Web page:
Not OP but another antitrust attorney at one of the two agencies. At least some shops in DOJ offer alternative work schedules. As for salary, I know that c/o 2011-13 grads received GS-15 Step 10 at DOJ. Seems to me that FTC might pay less but that's not backed up by anything concrete. I echo everything else in OP's post.Anonymous User wrote: ↑Sun May 17, 2020 8:11 pmWork weeks vary depending on phase of an investigation/litigation. Early in an investigation, it can be a pretty standard 40 hour work week. However, if we're getting recommendations together and preparing to litigate, or are in active litigation/trial, it's big law hours. You can also expect longer hours depending on your role in a case--if you're leading teams or have other senior case team roles, you'll work longer hours than if you're not responsible for similar projects. I know sections within the Antirust Division and FTC allow for some type of telework (1 day/week), but it's meant to be actual telework, not an AWS like 4x10.Petrichor wrote: ↑Sun May 17, 2020 9:49 amWhat does your typical work day look like in terms of schedule/hours? Any flexibility with alternative work arrangement like 4x10, maixflex?Anonymous User wrote: ↑Sat May 16, 2020 11:46 amHappy to answer general career-related questions about federal antitrust practice. Keeping this anonymous for obvious reasons, but generally speaking, spent time in big law before coming to DOJ/FTC to work on antitrust investigations. Fire away. I'll check for new questions regularly.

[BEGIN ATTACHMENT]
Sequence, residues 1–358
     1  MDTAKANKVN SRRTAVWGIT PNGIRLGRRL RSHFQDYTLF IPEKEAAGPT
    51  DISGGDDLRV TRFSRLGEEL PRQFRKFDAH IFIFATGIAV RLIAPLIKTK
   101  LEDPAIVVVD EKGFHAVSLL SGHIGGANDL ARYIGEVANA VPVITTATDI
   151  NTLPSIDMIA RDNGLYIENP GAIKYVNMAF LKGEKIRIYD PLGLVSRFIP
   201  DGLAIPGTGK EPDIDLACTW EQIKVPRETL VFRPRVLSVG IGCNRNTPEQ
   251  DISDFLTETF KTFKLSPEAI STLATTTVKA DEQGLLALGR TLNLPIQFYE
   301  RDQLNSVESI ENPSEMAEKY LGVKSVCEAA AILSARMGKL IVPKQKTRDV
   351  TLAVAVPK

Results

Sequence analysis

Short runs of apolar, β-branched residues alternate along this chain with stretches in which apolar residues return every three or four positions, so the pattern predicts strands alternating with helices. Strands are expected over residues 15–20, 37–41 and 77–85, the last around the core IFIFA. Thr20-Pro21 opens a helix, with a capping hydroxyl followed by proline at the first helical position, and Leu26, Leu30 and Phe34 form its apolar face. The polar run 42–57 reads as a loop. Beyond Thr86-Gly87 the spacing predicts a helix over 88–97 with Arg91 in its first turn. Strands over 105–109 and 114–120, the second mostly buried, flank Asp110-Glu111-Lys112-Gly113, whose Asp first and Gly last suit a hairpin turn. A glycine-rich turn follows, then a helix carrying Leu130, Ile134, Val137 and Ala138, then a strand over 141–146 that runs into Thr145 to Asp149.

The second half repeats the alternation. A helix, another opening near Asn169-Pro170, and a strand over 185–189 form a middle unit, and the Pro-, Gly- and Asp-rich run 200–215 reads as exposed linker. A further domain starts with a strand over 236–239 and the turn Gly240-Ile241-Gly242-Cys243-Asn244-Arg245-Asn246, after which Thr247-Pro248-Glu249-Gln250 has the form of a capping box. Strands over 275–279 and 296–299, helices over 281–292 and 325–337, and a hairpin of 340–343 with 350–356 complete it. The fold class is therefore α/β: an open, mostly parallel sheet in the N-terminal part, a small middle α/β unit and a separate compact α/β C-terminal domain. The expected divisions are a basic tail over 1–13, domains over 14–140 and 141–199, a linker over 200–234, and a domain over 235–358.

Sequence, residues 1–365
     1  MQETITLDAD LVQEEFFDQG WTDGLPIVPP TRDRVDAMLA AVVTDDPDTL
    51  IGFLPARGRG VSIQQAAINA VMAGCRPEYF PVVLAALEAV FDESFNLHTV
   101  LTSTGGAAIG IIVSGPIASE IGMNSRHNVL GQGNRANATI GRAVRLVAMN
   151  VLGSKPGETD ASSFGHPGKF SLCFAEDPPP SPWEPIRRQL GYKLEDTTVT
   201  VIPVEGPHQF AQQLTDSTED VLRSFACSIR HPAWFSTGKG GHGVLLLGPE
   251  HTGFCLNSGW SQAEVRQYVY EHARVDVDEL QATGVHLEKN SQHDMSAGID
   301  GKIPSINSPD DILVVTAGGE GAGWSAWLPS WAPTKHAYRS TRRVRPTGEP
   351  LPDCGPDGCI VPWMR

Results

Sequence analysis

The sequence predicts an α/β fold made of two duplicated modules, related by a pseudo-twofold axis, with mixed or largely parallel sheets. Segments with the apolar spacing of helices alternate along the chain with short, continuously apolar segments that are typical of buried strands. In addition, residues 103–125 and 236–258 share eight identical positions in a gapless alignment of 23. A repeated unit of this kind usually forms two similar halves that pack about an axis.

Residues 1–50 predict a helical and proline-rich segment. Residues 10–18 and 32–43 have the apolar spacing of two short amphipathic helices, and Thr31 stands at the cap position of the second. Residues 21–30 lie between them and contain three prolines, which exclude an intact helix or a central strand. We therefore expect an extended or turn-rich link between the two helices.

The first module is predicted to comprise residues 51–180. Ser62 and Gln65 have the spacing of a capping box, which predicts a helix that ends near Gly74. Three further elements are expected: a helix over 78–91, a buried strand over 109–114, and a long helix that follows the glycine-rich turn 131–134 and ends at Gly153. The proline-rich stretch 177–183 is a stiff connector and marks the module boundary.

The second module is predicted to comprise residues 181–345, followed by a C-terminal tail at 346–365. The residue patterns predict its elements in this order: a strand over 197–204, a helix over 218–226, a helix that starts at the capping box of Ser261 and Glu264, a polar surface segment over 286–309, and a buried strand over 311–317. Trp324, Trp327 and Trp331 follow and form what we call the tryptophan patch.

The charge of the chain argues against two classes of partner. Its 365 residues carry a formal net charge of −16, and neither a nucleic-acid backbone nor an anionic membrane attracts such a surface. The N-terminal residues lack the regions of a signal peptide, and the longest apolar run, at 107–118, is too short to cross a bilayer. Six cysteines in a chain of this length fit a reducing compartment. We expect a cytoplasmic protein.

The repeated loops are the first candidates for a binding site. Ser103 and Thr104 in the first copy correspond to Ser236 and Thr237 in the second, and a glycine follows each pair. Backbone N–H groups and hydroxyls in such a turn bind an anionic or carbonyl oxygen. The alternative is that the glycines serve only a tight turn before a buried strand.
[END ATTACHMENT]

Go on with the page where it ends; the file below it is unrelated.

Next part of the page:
I assume you got in as GS-14 or its DoJ equivalent, were you able to negotiate steps or anything like that?
I think face time is required in the sense that I'm expected to be in the office unless I have an approved telework plan in place with my bosses, but I'm definitely able to come and go as I please within reason (for example, coming in late or leaving early) as long as I communicate with my teams well and and as long as I'm getting my work done.
Most people lateral in at a 13 or 14; I came in as a 14. There wasn't any negotiation.
Re: the IP litigator. I know of at least one former IP litigator who didn't do antitrust work who now works at FTC. Given that SEPs and FRAND are hot issues in the antitrust community right now, you can probably spin your experience into something attractive, especially if you're applying for a job at the FTC. (To put it mildly, Makan doesn't seem interested in any antitrust-IP cases, unless it's against licensees).